Ferrylmyoglobin formation induced by acute magnesium deficiency in perfused rat heart causes cardiac failure

Fann Wu et al. (1994)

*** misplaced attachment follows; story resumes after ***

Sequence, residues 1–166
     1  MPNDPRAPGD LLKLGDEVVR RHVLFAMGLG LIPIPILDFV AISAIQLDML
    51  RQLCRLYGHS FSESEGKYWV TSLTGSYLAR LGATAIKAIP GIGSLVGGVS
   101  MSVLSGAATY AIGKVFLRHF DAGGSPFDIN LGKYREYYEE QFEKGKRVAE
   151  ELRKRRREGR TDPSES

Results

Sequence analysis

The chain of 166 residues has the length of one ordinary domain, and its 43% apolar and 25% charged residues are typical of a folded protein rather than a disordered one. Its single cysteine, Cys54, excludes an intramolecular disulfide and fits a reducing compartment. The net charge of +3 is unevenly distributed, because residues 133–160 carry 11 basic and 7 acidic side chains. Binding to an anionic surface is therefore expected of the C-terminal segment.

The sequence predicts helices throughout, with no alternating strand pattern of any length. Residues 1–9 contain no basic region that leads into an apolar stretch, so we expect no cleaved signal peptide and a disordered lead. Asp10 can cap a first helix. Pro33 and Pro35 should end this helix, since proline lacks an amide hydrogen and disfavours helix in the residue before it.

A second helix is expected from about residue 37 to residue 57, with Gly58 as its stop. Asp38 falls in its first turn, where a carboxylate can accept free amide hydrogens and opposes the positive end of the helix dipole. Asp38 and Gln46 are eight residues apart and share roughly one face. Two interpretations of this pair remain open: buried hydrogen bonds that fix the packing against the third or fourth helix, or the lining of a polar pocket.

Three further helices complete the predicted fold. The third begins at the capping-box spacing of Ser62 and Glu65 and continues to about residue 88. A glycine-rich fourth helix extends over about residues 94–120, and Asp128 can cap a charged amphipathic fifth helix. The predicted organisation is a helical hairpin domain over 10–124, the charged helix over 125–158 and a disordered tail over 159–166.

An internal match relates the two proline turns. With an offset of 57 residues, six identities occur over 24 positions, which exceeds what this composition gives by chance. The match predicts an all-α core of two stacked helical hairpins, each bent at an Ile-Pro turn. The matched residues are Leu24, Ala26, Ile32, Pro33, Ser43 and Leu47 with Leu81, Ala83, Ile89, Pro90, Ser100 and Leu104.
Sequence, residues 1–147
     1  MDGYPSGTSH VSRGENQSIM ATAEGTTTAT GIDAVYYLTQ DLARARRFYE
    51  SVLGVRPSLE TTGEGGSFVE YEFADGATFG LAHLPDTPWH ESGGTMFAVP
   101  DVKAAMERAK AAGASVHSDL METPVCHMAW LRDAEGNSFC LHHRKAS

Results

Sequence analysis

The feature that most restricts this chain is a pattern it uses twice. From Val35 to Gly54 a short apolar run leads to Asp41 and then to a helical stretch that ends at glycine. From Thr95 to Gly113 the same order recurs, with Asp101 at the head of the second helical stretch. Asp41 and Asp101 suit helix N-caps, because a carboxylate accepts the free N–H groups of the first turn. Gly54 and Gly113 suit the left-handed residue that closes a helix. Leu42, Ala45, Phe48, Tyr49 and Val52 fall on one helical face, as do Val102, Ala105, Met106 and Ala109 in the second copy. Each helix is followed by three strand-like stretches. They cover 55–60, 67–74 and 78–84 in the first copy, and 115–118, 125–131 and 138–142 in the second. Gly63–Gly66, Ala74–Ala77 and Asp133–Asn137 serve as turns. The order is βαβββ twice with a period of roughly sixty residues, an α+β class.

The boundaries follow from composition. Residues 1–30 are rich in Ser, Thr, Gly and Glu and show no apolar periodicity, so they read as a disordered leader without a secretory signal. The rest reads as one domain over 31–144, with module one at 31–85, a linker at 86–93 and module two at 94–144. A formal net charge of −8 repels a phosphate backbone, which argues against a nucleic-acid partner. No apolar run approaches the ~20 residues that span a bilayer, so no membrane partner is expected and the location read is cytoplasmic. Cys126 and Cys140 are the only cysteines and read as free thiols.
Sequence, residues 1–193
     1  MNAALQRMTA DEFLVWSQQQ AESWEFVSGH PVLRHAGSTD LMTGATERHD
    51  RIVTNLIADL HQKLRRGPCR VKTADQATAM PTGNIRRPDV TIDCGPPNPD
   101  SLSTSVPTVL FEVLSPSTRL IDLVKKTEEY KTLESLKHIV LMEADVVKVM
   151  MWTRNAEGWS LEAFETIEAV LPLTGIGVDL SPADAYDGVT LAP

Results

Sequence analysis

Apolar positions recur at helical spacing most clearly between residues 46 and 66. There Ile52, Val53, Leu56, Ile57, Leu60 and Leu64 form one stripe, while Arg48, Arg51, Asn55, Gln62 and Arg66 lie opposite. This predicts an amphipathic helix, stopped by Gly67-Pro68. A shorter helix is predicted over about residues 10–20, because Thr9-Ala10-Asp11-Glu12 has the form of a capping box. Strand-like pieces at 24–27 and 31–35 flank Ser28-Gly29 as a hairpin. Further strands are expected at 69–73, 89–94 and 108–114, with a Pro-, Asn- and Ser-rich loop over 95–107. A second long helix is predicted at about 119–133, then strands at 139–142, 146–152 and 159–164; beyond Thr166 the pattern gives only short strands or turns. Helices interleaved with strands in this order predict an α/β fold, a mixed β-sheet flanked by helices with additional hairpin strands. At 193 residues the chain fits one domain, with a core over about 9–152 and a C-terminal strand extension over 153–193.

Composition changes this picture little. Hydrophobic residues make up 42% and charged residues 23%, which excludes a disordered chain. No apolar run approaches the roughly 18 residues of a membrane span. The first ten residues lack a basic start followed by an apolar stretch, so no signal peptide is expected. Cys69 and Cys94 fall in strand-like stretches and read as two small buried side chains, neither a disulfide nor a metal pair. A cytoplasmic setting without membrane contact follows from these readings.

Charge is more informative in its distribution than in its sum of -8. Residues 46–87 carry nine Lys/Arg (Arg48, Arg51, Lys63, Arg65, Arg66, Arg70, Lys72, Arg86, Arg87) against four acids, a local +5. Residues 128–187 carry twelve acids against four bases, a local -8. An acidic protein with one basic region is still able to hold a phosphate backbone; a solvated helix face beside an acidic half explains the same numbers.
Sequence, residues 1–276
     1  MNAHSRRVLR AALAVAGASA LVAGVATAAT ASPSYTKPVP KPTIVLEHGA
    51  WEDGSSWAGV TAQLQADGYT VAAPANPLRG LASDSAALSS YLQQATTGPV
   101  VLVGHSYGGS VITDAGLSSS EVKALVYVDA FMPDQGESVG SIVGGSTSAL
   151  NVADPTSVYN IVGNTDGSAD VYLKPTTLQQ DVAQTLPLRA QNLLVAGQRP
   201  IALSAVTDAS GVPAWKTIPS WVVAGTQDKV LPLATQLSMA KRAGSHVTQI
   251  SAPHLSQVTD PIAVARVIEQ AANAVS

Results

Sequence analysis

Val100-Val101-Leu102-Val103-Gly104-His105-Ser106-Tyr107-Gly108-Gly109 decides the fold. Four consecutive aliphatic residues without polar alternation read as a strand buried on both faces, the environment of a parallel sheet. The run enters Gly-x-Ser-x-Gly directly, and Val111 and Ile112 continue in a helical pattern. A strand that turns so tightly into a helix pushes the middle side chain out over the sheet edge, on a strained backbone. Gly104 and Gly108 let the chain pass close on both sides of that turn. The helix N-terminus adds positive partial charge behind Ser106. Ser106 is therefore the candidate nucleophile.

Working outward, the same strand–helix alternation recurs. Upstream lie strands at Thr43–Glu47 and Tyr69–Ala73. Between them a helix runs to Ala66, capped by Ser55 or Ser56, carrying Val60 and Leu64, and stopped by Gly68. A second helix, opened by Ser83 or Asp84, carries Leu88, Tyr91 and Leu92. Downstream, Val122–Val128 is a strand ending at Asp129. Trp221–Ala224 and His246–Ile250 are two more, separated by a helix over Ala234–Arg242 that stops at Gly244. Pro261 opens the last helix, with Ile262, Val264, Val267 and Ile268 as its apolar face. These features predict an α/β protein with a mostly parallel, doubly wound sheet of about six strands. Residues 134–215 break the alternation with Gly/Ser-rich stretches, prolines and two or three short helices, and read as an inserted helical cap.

The oxidation states in intracellular myoglobin and cytochrome oxidase aa3 were monitored by reflectance spectrophotometry in isolated perfused rat hearts subjected to an acutely magnesium deficient environment. After exposure to low extracellular [Mg2+]o (i.e., 0.3 mM) for 30 min, more than 80% of the oxymyoglobin converted to its deoxygenated form. The level of reduced cytochrome oxidase aa3 also increased about 80% in low [Mg2+]o. The deoxymyoglobin was converted further to a species identified as ferrylmyoglobin by its reaction with Na2S to form ferrous sulfmyoglobin which was optically visible. This process, set into motion by acute Mg deficiency, resulted from a direct accessibility of the exogenous peroxide to the cytosolic protein. The results suggest that a pathway leading to cardiac tissue damage, induced magnesium deficiency, is probably involved in the generation of a ferrylmyoglobin radical which could be prevented by addition of ascorbate, which is known to be a one-electron reductant of this hypervalent form of myoglobin. In further studies, we also investigated whether addition of different concentrations of ascorbic acid (AA) to the perfusate could enhance myocardial function after exposure to low [Mg2+]o perfusion. Four concentrations of AA (0.5, 1, 5, 10 mM) were tested, indicate that they exert their effects in a concentration-dependent manner; 1 mM AA was the most effective dose in improving aortic output in a Mg-deficient heart. Ferrylmyoglobin formation was found to be formed considerably before intracellular release of either creatine phosphokinase or lactic dehydrogenase. These studies may have wide implications as a new mechanisms by which extracellular Mg2+ can induce myocardial injury and subsequent cardiac failure.